CAPE CANAVERAL, Fla. (NASA PR) — NASA’s Kennedy Space Center (KSC) and the Space Coast Energy Consortium (the Consortium) have created a partnership to develop and improve the Federal spaceport capabilities and to implement the objective of becoming a multi-user spaceport, serving both Government and commercial renewable energy entities. NASA and the Consortium have agreed up on a five-year Space Act Agreement that defines how those goals are to be implemented.
A major goal of the agreement is to jointly develop the Space and Energy Regional Innovation Center (RIC) that will sponsor, support and accelerate the commercialization of emerging energy products and leverage KSC’s technical expertise and facilities to develop sustainable energy products and services.
“The Kennedy Space Center appreciates our relationship with the Space Coast Energy Consortium and looks forward to attracting and growing energy technology
opportunities,” said Kennedy Space Center Director Robert Cabana.
“The Kennedy Space Center is a world-class institution for making complex technologies work reliably under extreme conditions,” said Mike Aller, Executive Director of the Consortium. “The skills necessary to maintain and launch a high-performance turbo pump used in Space Shuttle main engines are the same skills necessary for developing and testing new turbine systems for energy.”
The chairman of the Consortium board, Scott Lewit, president of Structural Composites, Inc. continued with that theme, “Space and energy are closely connected; a rocket is a self-contained energy system. NASA’s development of fuel cells, solar panels, auxiliary power units and many more energy systems is too often undervalued.”
The proposed RIC will focus on enabling end-stage technology development and demonstration of renewable energy technologies that can lead to commercial application. The RIC presents an opportunity for NASA to apply KSC Roadmap strategies to leverage its expertise and resources along with industry in pursuit of energy solutions. The demonstration and introduction of renewable and more efficient energy technologies will also benefit KSC operationally and help it meet the federal sustainability mandates and support space technology development.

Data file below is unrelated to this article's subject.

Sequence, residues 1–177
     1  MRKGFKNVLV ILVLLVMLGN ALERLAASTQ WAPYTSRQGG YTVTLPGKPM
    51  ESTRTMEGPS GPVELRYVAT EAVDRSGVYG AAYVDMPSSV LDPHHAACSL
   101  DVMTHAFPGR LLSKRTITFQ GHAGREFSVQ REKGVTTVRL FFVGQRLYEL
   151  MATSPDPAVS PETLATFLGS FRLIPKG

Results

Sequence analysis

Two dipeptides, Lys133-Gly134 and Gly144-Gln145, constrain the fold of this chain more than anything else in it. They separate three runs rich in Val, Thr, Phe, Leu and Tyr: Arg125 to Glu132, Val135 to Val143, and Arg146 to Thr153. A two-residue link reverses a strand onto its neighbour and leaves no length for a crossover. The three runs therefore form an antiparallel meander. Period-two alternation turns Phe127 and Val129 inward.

The first project undertaken under this new agreement is the loan of a deployable solar-powered truss adapted by engineers working at Kennedy Space Center. The Consortium and several local partners will help to complete and test the prototype and return it to KSC for demonstration purposes. This technology was showcased on the national stage at the U.S. Department of Energy’s ARPA-e Energy Innovation Summit near Washington D.C., February 25-27, 2013.
The Consortium was created by community and industry leaders to assist with the post space shuttle transition, by building networks among local businesses and with resources across the country, helping Florida to diversify its economy into energy-related engineering, manufacturing and service activities.
For information about the Space Coast Energy Consortium, visit: http://www.spacecoastenergy.org/
For information about how to partner and do business with NASA’s Kennedy
Space Center, visit: http://kscpartnerships.ksc.nasa.gov/
And for more information about Kennedy, visit: http://www.nasa.gov/kennedy